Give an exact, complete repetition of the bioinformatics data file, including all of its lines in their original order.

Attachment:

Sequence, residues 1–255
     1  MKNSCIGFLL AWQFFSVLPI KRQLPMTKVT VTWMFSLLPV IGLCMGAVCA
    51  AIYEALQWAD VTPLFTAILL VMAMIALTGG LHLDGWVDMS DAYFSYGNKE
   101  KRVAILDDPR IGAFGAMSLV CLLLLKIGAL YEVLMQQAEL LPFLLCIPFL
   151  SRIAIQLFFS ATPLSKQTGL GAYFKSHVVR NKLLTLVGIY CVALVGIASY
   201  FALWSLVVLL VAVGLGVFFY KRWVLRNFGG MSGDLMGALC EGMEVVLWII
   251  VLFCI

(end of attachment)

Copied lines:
Sequence, residues 1–255
     1  MKNSCIGFLL AWQFFSVLPI KRQLPMTKVT VTWMFSLLPV IGLCMGAVCA
    51  AIYEALQWAD VTPLFTAILL VMAMIALTGG LHLDGWVDMS DAYFSYGNKE
   101  KRVAILDDPR IGAFGAMSLV CLLLLKIGAL YEVLMQQAEL LPFLLCIPFL
   151  SRIAIQLFFS ATPLSKQTGL GAYFKSHVVR NKLLTLVGIY CVALVGIASY
   201  FALWSLVVLL VAVGLGVFFY KRWVLRNFGG MSGDLMGALC EGMEVVLWII
   251  VLFCI